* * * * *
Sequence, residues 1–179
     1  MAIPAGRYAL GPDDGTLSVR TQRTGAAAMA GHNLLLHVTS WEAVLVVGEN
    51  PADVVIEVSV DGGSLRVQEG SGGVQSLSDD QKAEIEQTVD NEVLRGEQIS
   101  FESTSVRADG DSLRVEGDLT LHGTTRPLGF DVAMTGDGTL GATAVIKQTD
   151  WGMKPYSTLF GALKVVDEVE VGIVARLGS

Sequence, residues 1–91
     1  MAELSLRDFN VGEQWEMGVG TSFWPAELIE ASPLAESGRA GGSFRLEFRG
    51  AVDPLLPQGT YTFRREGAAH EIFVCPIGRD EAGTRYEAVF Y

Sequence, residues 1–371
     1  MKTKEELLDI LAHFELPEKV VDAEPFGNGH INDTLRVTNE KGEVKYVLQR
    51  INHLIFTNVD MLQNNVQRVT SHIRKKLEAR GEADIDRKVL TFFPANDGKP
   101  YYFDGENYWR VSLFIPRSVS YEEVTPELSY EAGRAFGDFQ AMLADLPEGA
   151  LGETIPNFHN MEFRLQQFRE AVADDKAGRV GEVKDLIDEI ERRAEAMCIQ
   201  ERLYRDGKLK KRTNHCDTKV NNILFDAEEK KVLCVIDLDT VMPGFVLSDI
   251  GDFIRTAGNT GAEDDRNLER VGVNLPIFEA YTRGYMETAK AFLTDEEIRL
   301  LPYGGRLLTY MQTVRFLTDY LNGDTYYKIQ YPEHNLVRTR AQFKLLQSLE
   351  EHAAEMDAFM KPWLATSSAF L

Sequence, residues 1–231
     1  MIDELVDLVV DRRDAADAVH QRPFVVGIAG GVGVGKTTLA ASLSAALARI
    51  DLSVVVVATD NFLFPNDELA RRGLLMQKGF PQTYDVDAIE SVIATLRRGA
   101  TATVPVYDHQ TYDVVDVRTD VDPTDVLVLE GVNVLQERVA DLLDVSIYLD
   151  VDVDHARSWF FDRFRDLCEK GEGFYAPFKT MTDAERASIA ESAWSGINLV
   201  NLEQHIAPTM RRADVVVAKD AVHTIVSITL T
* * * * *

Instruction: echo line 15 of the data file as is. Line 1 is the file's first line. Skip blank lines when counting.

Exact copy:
   251  GDFIRTAGNT GAEDDRNLER VGVNLPIFEA YTRGYMETAK AFLTDEEIRL